Send us stories, not press releases
The Heights Observer, a citizen-based publication produced monthly by FutureHeights, welcomes all community news, announcements and information. The Observer was founded by FutureHeights six years ago, for the express purpose of publishing the hyperlocal Cleveland Heights and University Heights news that traditional media outlets tend to overlook.
With no full-time staff, the Observer invites and relies on community members—be they residents, or members or employees of Heights organizations or companies—to write and submit articles about the personalities, events and news that is happening in the Heights.
Many organizations are accustomed to sending press releases about newsworthy events or causes to media outlets, with the expectation that a reporter will then follow up, call the organization, attend the event, and take the next steps to turn the basic information into a news story.
The Observer, however, can’t follow up on press releases. We lack the staff to convert a release to a news story. All of our writers are volunteers, as are our editors. We have a part-time editor-in-chief, who coordinates all the articles we receive for both print and online publication, and a part-time publisher who oversees it all.
We need the information in a different format, one that is just as easy to create as a press release: we need news stories. You can create a news story from a press release by doing the following:
- Suggest a headline: A headline usually contains a verb, grabs a reader’s attention and briefly summarizes the content.
- Write an introduction: The first paragraph of the story should provide the basic facts about the news event. It should answer the questions who, what, when, where and why.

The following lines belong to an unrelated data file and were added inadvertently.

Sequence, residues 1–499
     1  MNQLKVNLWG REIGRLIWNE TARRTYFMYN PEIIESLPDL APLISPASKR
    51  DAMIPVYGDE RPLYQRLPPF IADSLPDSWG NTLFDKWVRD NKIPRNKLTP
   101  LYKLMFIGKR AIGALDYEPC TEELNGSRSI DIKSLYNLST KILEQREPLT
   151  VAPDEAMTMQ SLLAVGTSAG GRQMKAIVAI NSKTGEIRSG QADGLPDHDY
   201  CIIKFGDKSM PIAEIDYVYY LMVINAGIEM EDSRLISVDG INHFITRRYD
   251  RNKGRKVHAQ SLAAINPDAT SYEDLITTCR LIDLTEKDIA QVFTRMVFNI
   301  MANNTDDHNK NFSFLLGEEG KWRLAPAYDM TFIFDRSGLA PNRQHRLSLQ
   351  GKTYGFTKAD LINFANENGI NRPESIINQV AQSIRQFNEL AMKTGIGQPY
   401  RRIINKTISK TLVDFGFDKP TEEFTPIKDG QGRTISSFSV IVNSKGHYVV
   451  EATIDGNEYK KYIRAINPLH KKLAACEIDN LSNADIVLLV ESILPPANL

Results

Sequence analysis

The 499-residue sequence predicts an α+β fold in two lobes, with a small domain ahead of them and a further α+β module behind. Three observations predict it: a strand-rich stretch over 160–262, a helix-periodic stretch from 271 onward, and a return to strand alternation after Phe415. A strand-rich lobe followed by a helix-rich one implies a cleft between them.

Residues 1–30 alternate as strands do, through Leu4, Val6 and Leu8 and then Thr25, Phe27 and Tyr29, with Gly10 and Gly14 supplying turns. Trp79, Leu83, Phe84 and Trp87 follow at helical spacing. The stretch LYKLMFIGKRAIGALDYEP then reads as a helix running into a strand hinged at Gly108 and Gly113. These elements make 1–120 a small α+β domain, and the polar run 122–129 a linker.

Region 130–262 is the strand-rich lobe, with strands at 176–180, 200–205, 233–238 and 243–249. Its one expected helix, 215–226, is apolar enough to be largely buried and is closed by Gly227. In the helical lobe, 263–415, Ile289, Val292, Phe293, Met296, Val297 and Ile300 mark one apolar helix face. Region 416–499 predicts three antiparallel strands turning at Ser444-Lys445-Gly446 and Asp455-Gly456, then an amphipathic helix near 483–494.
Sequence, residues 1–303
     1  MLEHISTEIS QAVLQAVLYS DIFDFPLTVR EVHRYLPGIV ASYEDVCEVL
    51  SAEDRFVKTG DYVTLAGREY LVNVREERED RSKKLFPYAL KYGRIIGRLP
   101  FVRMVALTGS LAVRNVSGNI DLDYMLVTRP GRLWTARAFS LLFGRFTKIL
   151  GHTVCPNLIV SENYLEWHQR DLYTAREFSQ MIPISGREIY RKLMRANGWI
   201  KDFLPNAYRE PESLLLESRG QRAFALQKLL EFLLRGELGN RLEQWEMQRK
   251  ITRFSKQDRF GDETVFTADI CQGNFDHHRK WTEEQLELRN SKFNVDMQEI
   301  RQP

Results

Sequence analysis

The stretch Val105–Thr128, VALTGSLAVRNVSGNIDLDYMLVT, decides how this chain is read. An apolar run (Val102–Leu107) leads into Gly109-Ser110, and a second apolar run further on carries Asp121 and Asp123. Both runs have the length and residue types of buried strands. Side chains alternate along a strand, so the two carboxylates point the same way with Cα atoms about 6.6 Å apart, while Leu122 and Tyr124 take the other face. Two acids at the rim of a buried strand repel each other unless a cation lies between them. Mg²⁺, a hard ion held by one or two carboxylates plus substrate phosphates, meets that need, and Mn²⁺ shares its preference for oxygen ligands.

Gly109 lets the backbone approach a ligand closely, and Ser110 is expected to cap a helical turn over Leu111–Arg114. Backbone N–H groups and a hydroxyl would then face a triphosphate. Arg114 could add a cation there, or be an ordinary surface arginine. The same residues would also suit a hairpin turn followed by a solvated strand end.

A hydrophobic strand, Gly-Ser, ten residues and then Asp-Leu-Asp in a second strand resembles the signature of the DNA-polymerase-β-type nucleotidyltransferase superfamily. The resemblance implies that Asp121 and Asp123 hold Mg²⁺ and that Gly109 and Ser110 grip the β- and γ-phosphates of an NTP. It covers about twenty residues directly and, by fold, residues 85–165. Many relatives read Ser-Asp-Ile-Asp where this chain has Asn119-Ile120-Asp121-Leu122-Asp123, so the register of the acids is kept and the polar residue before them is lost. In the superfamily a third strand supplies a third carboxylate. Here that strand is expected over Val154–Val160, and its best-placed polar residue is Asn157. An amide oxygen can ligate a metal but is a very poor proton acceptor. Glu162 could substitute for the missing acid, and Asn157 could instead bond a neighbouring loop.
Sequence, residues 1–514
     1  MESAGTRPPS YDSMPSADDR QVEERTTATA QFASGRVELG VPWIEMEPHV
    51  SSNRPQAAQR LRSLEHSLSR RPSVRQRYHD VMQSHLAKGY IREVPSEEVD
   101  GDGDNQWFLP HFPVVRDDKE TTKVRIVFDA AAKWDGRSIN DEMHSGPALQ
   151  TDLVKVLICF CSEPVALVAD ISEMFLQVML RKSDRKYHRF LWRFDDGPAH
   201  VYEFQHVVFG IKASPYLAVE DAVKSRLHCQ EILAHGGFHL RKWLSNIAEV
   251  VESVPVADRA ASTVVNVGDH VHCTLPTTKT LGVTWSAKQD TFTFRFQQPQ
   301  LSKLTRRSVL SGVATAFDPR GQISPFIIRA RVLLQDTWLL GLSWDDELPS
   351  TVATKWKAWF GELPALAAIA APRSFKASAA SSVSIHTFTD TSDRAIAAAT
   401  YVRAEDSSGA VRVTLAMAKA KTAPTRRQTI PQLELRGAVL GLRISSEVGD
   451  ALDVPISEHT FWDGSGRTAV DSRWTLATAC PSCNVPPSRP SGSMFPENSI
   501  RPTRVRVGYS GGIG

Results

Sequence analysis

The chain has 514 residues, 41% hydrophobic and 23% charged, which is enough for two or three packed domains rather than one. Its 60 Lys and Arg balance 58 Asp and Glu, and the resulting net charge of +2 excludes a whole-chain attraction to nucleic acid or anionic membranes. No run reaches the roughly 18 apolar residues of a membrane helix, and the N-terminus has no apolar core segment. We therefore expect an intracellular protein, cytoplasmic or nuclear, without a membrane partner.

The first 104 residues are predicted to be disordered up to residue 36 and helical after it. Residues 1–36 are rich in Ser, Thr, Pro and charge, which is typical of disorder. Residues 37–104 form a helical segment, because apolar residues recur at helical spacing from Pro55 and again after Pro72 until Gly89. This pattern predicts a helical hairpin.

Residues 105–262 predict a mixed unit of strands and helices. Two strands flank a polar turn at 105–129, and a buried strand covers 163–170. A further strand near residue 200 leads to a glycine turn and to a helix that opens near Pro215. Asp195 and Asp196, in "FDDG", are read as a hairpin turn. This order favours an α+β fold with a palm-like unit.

- Write the body: Provide relevant, Heights-specific details about the news event.
- Include a quote or two: The sentence, “This Heights event is the greatest ever!” is an opinion, not a fact. While it cannot be stated as unattributed opinion in an article, participants in a news story can express their viewpoints in the form of a quote. An organization’s director or company president can say, “It’s the greatest Heights event ever!” if that is what she believes. The author of the news story, however, should not quote himself, or otherwise refer to himself in the article. If you must quote yourself, work with a friend or colleague to submit the article.
- Include boilerplate information: Once you’ve stated the news, include some general background information about the organization, business or person you are writing about.
- Include contact information: Provide an opportunity for readers to learn more by including a website, phone number or other contact information.
- Include a biographical statement: Each story in the Heights Observer includes a brief (1–2 sentence) biographical statement at the end of the article. Make sure you disclose any connection the author has to the organization, individual or event he or she is writing about.
- Include a photograph: You can attach a photograph to your article when you submit it. While a photo is not required, it can help bring attention to your story.
- Keep it brief: A story that is direct and to-the-point is more likely to attract readers, and more likely to appear in a monthly print edition of the Observer, where space is limited. Try to keep your article at less than 500 words (and shorter is often better).
To submit a story, go to www.heightsobserver.org and click on Member Center at the left. If you haven't submitted previously, click on Become an Observer, also part of the left-side menu, and read the information there, including the Style Guide, where you will find guidelines regarding article length and options for type of article (news, opinion or letter to the editor). If you have questions, call the FutureHeights office at 216-320-1423 or e-mail firstname.lastname@example.org.
Deanna Bremer Fisher
Deanna Bremer Fisher is executive director of FutureHeights and publisher of the Heights Observer.